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Neuroplasticity, also known as brain plasticity and neural plasticity, is the ability of the brain to change throughout an individual's life, e.g., brain activity associated with a given function can be transferred to a different location, the proportion of grey matter can change, and synapses may strengthen or weaken over time.
Research in the latter half of the 20th century showed that many aspects of the brain can be altered (or are \"plastic\") even through adulthood. This notion is in contrast with the previous scientific consensus that the brain develops during a critical period in early childhood and then remains relatively unchanged (or \"static\").
Neuroplasticity can be observed at multiple scales, from microscopic changes in individual neurons to larger-scale changes such as cortical remapping in response to injury. Behavior, environmental stimuli, thought, and emotions may also cause neuroplastic change through activity-dependent plasticity, which has significant implications for healthy development, learning, memory, and recovery from brain damage.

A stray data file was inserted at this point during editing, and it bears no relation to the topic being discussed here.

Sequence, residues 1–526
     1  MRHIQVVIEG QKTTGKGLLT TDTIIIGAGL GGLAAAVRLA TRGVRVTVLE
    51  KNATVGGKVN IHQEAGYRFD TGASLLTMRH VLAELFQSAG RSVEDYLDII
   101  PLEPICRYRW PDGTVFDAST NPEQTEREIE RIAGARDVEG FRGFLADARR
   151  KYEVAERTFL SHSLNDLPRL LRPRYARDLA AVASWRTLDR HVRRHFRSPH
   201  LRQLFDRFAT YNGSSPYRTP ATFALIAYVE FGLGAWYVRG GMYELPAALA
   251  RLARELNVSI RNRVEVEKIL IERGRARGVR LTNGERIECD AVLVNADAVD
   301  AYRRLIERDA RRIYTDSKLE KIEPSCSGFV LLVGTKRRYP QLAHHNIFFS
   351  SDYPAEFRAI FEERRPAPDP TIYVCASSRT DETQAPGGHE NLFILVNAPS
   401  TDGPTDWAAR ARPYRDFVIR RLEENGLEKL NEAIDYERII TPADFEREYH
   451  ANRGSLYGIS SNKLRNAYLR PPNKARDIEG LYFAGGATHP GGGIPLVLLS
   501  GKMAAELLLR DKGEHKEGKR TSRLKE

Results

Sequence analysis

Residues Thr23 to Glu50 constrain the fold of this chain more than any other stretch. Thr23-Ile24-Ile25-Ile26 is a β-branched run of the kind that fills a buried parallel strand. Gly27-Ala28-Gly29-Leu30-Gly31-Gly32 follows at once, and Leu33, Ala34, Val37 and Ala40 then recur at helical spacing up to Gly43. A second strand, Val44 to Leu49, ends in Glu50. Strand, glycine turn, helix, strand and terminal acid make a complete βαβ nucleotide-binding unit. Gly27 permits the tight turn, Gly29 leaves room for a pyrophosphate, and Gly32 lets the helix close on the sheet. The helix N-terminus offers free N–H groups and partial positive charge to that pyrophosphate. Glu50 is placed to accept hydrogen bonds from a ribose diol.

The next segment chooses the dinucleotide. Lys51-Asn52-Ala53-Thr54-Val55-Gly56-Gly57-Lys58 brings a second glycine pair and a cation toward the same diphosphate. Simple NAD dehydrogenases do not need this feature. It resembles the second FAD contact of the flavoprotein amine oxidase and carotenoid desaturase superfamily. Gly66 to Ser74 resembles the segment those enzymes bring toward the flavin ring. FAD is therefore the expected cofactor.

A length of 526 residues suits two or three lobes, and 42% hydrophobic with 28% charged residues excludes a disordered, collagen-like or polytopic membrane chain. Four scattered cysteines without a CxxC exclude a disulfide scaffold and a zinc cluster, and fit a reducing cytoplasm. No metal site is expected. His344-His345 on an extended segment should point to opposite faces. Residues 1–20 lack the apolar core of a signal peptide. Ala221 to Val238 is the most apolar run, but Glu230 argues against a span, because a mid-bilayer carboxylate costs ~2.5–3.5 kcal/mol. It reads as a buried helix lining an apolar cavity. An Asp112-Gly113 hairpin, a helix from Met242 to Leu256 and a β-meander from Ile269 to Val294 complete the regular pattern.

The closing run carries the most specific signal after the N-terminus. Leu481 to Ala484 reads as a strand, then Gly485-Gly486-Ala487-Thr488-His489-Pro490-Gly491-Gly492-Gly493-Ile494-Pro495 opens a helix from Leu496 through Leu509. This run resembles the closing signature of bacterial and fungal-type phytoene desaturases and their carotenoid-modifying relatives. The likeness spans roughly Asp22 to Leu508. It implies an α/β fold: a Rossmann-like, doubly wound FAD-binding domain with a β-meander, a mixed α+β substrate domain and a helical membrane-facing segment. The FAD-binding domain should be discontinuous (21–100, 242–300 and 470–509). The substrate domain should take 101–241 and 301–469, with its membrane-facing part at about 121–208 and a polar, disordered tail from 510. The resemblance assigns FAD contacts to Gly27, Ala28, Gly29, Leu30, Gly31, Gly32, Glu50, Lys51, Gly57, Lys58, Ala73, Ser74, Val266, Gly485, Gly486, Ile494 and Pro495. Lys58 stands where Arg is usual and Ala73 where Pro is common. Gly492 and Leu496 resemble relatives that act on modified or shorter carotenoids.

At the single cell level, synaptic plasticity refers to changes in the connections between neurons, whereas non-synaptic plasticity refers to changes in their intrinsic excitability.
Simply put, the term neuroplasticity means that the brain changes in response to new experience.
This capacity to create new neural connections, and thus new mental skill sets, through experience has been termed "neuroplasticity."
This ability to change the landscape of our brains and ultimately augment how our minds will operate is called neuroplasticity.
Doidge: The paradox of neuroplasticity is that for all the mental flexibility it grants us, it can end up locking us into 'rigid behaviors.'
This newly discovered ability of the brain to change both function and structure in response to training is called neuroplasticity.
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